Extension Educator, Horticulture
While waiting for the snow plow to appear on the horizon, I decided cold tolerance would be a good subject of discussion.
If we grew only native plants, cold tolerance wouldn't be an issue. However, we grow peonies from China, dahlias from Mexico, and tulips from Turkey. The quest for growing exotic plants is an interest and even a passion for many gardeners.
Plant catalogs are brimming with picture-perfect perennial plants. The catalog says it's a perennial, but will it live through one of our winters?
To take some of the guess work out of the perennial plant lottery, the United States Department of Agriculture published its Plant hardiness zone map in 1960 and updated it in 1990. It divides North America into eleven zones of average annual minimum temperature. The lower the zone rating, the lower the temperature the plant will tolerate. Most garden reference books, and catalogs use USDA plant hardiness zone ratings.
Check out the plant hardiness zone map at http://www.ars-grin.gov/ars/Beltsville/na/hardzone/ushzmap.html?
Central Illinois is listed as zone 5 or more precisely zone 5b with an average annual minimum temperature of -10 to -15. We managed to beat the average this last week. We can grow plants rated to zone 5 or less. Sometimes we can stretch a zone 6 plant into our area under ideal growing conditions or in a protected area. Paraphrasing Tony Avent from Plant Delights Nursery: I consider a plant as not hardy only after I have killed it at least three times.
Winter cold is not the only criteria for plant survival. Summer heat is also critical. The American Horticultural Society has recently devised a heat zone map. It sections the US into 12 zones. The zones indicate the average number of days each year that a given region experiences temperatures over 86 degrees F. If you want to be the first on your block to have an American Horticultural Society Heat Map, it's available for $14.95 by calling 1-800-777-7931 ext 45.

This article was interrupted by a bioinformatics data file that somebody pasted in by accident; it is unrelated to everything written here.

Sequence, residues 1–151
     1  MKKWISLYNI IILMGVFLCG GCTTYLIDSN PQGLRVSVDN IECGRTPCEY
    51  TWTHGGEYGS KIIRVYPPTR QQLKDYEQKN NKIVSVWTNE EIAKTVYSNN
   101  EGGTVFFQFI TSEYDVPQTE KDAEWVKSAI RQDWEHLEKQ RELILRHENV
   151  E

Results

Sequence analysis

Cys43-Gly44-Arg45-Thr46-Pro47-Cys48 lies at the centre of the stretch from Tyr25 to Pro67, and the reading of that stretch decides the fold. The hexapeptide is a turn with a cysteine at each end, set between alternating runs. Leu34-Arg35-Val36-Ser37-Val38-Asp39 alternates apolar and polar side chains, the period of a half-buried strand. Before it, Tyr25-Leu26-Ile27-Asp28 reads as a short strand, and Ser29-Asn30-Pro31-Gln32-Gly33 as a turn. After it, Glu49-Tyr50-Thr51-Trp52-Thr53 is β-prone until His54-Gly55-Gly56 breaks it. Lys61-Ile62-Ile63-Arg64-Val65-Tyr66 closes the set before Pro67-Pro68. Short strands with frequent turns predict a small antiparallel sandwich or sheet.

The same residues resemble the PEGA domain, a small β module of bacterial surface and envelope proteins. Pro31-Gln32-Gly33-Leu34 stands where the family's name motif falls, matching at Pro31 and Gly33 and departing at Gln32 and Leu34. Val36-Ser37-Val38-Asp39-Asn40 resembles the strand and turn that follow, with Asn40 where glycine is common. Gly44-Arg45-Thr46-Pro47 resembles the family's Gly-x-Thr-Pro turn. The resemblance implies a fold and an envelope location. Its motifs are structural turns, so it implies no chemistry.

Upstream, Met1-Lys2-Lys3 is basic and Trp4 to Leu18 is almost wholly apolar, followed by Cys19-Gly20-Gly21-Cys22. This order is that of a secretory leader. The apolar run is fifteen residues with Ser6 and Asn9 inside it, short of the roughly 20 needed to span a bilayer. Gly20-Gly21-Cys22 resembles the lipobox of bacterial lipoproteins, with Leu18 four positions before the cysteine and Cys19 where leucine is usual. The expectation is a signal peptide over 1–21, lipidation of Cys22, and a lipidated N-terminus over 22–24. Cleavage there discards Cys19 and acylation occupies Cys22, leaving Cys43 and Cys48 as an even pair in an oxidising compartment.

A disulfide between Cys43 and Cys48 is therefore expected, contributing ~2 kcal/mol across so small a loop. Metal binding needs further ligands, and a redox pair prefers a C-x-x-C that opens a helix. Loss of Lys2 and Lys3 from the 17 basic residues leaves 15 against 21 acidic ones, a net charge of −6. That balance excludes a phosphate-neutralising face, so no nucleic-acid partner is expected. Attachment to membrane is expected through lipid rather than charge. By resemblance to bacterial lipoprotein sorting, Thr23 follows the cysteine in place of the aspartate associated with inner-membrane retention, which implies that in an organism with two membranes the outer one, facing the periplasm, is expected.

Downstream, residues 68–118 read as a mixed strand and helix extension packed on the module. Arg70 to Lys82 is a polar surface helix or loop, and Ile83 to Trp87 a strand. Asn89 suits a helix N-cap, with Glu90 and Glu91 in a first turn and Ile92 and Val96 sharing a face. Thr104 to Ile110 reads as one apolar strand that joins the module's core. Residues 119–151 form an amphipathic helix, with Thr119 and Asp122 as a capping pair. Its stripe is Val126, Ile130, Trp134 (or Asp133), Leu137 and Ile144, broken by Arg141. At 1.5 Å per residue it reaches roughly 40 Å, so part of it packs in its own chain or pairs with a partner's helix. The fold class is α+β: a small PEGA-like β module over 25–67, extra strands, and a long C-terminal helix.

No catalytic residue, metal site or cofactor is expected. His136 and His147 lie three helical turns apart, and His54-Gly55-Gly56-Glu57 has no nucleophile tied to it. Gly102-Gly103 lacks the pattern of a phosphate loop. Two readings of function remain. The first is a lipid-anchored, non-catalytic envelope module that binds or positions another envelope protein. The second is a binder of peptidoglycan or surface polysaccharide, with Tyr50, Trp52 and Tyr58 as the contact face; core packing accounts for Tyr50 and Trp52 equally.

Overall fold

Both the heat and cold hardiness maps are only indicators. How well an individual plant will survive depends on additional factors such as the overall health of the plant, plant maintenance techniques, planting site and plant maturity. Some diseases may actually predispose plants to winter injury. Plants weakened by drought or root rots are more prone to cold injury. Generally more mature plants will survive cold stress better than newly established plants.
A deep snow cover helps plants to survive severely cold temperatures. (See there is something good about snow.) Gradually colder temperatures are less stressful on plants than a sharp drop in temperature.
Hardiness is also affected by the return of warm temperature. A few days of warm weather in mid to late winter can reduce plant cold hardiness significantly especially in trees and shrubs. Once cold hardiness is lost from late winter warming, the plant cannot return to the same level of hardiness. If mild winter temperatures continue, then damage is not likely. However should severe cold temperature occur the plant may be damaged.
Not all plant parts are equally winter hardy. Cold temperatures which destroy peach blossoms may do very little, if any, harm to the peach tree.